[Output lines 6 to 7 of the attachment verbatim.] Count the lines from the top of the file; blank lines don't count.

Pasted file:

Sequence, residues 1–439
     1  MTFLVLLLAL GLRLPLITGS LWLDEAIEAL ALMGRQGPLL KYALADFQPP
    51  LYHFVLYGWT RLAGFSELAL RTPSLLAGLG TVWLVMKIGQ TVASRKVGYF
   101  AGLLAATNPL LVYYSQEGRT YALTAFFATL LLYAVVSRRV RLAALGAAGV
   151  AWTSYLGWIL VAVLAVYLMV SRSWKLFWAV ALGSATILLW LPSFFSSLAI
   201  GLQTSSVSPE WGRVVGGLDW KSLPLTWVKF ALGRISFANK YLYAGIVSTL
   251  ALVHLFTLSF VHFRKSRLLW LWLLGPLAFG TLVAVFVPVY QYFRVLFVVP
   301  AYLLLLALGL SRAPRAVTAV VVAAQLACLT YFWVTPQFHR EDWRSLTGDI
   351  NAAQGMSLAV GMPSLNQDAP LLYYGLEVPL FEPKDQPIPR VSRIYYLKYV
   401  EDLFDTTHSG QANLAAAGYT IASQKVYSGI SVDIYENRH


   201  GLQTSSVSPE WGRVVGGLDW KSLPLTWVKF ALGRISFANK YLYAGIVSTL
   251  ALVHLFTLSF VHFRKSRLLW LWLLGPLAFG TLVAVFVPVY QYFRVLFVVP